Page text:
After monitoring 11,218 women's soda-intake habits (both regular and diet) and weight over a two-year period, researchers found those who cut back a can a week gained one pound less than the those who didn't. And, the women who drank an additional can of soda each week gained .66 pounds more than the women who kept their intake the same.
Those who cut back a can a week gained one pound less than those who didn't.
Additionally, participants who drank a daily can of soda gained an average of two pounds by the end of the study.
While fluctuating a few pounds totally seems like NBD, keep in mind that the uptick in the study was only due to soda intake—not other factors that can cause weight gain, like a poor diet and a lack of exercise due to too much time watching Netflix.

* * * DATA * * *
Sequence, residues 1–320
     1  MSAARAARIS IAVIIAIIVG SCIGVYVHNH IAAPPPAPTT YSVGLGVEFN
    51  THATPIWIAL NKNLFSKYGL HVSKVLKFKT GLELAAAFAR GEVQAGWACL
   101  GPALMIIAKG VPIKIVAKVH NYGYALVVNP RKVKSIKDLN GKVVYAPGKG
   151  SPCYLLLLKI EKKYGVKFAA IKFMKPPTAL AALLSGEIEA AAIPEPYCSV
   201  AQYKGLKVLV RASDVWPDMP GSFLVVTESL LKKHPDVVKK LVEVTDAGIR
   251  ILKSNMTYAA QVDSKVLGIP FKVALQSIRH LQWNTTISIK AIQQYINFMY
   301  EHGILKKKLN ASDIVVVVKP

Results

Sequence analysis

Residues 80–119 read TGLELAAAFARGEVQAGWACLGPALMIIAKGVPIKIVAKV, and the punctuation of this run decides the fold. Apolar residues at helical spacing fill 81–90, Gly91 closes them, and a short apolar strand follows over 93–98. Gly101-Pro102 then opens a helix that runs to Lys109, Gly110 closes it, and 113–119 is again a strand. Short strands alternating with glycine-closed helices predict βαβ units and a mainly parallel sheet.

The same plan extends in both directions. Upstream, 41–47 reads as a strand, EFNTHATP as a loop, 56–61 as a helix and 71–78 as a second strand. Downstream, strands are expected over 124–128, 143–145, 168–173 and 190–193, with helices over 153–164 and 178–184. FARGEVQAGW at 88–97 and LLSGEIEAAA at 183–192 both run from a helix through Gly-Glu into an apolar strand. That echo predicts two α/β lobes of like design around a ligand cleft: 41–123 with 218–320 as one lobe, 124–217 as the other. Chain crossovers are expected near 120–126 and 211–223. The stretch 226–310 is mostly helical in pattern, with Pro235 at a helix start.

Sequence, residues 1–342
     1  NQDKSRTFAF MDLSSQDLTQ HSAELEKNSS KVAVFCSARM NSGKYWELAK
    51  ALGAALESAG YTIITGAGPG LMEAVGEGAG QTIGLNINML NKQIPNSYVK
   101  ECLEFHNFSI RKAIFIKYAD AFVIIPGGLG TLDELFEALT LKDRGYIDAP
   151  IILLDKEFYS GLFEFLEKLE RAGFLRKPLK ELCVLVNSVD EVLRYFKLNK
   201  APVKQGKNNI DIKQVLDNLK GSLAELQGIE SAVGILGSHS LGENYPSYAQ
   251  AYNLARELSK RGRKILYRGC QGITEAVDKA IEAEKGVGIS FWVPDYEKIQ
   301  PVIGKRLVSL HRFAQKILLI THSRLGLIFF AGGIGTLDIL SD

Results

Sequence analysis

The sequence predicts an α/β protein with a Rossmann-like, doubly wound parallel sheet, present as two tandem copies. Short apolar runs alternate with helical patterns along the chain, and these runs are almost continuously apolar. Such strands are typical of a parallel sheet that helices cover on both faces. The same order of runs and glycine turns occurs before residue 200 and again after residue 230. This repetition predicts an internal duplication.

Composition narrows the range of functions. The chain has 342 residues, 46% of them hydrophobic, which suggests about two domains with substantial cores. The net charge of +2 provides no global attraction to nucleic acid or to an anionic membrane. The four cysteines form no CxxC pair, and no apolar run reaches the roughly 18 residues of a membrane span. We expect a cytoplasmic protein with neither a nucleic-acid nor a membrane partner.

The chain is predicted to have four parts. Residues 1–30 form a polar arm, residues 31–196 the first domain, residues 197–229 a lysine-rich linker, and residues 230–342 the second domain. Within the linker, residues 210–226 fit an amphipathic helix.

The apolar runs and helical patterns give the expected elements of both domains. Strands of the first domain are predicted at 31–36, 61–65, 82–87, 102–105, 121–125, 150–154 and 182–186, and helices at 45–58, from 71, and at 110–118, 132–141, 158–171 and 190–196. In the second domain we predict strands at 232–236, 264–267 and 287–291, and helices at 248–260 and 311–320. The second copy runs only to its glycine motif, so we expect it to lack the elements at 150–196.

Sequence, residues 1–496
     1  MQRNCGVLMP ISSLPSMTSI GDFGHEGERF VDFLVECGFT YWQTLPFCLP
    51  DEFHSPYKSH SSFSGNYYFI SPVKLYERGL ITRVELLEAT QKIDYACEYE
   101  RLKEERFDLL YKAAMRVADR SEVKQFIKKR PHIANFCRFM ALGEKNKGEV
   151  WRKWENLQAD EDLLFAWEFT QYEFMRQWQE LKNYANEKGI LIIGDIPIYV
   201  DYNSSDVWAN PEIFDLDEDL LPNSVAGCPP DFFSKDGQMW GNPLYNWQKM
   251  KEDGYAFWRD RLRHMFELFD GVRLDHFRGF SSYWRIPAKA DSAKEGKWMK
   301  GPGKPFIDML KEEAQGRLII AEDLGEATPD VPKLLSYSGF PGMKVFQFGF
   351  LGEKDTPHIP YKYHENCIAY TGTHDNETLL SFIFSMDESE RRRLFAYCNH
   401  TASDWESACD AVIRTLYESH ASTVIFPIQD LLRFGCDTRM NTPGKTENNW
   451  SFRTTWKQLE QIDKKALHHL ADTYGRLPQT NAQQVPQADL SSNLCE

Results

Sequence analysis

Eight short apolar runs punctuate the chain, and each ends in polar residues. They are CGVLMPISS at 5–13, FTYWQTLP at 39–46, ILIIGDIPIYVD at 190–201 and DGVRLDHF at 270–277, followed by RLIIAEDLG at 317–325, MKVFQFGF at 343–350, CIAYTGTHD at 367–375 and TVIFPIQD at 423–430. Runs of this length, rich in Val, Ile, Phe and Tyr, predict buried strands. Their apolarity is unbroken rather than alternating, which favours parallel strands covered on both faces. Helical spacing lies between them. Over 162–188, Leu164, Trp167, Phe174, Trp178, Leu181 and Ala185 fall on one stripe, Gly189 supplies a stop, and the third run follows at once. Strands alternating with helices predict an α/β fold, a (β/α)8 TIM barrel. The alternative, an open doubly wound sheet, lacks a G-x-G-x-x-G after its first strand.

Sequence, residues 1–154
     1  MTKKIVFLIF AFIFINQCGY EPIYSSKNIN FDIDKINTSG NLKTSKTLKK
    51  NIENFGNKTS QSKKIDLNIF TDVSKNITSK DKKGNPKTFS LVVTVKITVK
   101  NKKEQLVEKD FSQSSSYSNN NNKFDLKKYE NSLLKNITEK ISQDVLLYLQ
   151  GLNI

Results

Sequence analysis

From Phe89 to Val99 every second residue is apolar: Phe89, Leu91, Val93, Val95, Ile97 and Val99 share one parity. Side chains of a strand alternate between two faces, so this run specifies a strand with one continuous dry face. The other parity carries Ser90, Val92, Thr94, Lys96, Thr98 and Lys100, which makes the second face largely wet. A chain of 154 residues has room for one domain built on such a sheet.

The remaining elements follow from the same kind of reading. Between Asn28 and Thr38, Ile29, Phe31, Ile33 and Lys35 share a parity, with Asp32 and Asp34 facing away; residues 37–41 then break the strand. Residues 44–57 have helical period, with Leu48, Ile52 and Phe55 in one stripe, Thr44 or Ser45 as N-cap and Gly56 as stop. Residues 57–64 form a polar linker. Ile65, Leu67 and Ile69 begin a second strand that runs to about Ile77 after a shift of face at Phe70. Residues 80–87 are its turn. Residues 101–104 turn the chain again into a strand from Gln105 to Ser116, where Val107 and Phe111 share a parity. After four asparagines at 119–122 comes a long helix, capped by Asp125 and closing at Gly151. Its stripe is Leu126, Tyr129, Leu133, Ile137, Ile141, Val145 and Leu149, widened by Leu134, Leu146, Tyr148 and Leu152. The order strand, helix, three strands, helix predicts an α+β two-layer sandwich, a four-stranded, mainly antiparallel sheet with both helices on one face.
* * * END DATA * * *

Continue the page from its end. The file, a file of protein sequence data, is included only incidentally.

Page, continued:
Since being overweight can impact your health greatly—by leading you to diabetes and cardiovascular disease, among other things—it's extra alarming that soft-drink habits alone could bridge the difference: "It is likely that changes in weight and waist circumference would be larger if the changes in sugar-sweetened soda consumption are sustained over time," according to the research, as reported by Time.
"It is likely that changes in weight would be larger if the changes in sugar-sweetened soda consumption are sustained over time."
Instead of sipping soda, it might be time to ditch the can of sugar for something a little better for you—and no, that doesn't mean diet (or sugar-free) varieties, since those might even be worse.
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